Fly fishing has a tendency to lure its practitioners into a technological predicament in which the more you know, the more you need. Endless possibilities in rod lengths and actions, fly line tapers, casting techniques, presentation techniques, species to pursue, flies, etc. There are so many methods and techniques to fly fishing it can become overwhelming just to try and learn half of them, never mind perfecting them. It doesn’t have to be that way though. Yes there is great pleasure to be had in honing a skill to near scientific precision, but not all of us fish for the same reasons. Some of us enjoy understanding the how and the why behind every detail of the sport from gear to entomology, others are drawn less to any cerebral gratification as they are to the subtle grace of fly fishing, and most of us probably fall somewhere in between. Regardless of our obtained level of grace or knowledge of technique, all of us have humble beginnings as fly fishermen.
In the South many of us began by sloppily flopping a popping bug onto a farm pond or backyard creek – nothing sophisticated or difficult, but effective and more importantly, addictive. I remember when, as a nine year old kid, I used to wade into the shallow pool of the creek behind my house and cast small muddlers at the bank, overjoyed at the aggression of longears and green sunfish. The small, colorful fish would attack three and four at a time, sometimes hooking themselves without any effort on my part. They would pull with all their little might, bending and pulsing my wispy homemade rod for just a moment before coming to hand. My soft uncalloused hands were timid to hold wriggling fish prickling with spines and sharp scales, but I could never stop, never get enough. Mom would come calling for me before dark.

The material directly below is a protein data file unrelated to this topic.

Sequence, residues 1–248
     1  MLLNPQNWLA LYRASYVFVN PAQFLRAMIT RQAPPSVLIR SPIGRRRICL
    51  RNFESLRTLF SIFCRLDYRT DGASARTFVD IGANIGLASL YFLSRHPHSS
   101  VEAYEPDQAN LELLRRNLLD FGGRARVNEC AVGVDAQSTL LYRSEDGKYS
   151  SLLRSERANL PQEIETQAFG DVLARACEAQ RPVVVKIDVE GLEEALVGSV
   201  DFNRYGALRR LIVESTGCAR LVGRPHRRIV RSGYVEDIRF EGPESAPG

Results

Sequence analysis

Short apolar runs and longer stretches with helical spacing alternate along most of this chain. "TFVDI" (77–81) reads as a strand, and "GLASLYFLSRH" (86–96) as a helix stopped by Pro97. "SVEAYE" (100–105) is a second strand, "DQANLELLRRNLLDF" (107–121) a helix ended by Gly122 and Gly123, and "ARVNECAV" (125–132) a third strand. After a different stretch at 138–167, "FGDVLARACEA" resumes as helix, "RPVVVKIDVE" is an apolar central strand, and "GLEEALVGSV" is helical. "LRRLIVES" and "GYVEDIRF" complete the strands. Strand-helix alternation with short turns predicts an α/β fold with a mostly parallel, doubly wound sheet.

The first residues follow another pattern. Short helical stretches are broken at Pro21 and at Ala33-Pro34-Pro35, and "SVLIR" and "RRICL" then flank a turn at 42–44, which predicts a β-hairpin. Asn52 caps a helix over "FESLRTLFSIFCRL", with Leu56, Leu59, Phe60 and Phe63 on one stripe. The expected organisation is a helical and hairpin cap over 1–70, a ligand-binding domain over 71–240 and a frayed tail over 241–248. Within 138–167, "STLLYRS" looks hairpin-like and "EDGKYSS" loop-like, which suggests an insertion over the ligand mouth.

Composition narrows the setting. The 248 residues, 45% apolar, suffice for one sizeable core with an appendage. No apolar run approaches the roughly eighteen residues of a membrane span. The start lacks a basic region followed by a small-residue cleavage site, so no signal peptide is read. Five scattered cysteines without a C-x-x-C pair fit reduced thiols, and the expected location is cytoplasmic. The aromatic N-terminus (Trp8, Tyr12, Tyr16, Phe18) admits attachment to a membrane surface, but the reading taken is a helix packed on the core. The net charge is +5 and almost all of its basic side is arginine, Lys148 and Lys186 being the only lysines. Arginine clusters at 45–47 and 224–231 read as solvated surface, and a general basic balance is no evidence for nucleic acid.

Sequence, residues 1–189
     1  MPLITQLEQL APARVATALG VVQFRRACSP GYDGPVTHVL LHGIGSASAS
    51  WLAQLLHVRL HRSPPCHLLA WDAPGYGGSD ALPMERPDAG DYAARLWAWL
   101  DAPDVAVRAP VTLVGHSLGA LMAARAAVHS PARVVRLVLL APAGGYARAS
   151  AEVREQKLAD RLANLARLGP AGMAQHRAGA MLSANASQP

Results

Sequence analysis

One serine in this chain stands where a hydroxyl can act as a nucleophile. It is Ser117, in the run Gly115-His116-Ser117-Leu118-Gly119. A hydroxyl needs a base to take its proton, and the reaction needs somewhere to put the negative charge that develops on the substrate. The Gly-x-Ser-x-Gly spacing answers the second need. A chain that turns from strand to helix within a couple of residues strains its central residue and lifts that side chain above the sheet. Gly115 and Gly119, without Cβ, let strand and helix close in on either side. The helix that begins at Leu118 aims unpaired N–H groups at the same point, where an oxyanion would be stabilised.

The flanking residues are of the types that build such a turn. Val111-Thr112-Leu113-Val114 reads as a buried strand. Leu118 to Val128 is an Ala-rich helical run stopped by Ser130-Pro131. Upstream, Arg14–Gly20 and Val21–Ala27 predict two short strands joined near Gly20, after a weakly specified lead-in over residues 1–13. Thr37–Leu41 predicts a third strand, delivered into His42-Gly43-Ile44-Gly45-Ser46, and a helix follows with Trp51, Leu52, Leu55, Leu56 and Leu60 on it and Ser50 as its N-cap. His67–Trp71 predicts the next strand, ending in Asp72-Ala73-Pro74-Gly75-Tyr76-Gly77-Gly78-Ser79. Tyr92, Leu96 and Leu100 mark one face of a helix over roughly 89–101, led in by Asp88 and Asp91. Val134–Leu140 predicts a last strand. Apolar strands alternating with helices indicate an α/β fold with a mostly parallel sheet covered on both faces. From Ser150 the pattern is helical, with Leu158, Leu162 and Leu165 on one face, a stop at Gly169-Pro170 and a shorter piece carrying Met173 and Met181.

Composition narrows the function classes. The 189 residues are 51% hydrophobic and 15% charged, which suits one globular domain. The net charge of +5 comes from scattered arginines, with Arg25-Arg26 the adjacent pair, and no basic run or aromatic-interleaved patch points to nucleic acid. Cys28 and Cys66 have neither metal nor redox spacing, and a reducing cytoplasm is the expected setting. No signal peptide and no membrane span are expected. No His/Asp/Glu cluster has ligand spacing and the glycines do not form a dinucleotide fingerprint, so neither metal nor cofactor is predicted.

As we progress along the steep learning curve of fly fishing and delve ever deeper into its endless details, it becomes increasingly important to not lose sight of our humble beginnings, for fear we will forget the simple joys that captured our attention in the first place. The simple joy, for instance, of casting a popping bug for panfish – that is a joy that every fly fisherman young and old should know and revisit time to time. It is forgiving and uncompetitive. It is an inexpensive joy, one that requires no specialized or top-notch gear. It is mentally therapeutic, requiring no cerebral puzzling over what to tie on or how to present the fly, yet providing consistent stimulation in the form of aggressive takes and beautiful fish. The relative absence of technical applications leaves room for the brain to relax, to enjoy the beautiful junction of water, weeds, and shadows, to dwell upon fond memories and pleasant future possibilities. Panfishing is fly fishing in its simplest, most rudimentary form, and it will never get old.